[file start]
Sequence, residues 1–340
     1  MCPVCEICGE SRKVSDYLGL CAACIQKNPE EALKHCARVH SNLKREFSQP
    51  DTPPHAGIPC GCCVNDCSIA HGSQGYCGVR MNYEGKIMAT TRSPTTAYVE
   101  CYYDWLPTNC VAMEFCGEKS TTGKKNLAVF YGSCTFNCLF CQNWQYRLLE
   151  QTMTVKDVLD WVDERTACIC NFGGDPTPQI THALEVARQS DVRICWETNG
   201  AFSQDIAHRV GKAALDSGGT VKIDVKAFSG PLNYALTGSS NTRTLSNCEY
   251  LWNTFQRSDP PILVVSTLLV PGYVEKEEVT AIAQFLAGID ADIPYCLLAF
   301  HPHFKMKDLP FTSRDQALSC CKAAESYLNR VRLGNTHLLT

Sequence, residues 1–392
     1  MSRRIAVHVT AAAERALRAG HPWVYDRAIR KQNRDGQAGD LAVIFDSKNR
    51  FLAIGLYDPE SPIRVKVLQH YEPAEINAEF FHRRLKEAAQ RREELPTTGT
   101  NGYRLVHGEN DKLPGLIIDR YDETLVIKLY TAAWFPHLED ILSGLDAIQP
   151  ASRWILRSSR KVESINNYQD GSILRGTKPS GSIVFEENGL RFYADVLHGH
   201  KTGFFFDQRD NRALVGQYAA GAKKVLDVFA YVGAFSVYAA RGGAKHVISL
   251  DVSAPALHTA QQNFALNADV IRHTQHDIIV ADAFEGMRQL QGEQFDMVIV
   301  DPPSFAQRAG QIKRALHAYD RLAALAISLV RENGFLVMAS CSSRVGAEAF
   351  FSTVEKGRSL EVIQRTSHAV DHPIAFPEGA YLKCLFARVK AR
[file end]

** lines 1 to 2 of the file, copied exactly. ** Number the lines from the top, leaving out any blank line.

Sequence, residues 1–340
     1  MCPVCEICGE SRKVSDYLGL CAACIQKNPE EALKHCARVH SNLKREFSQP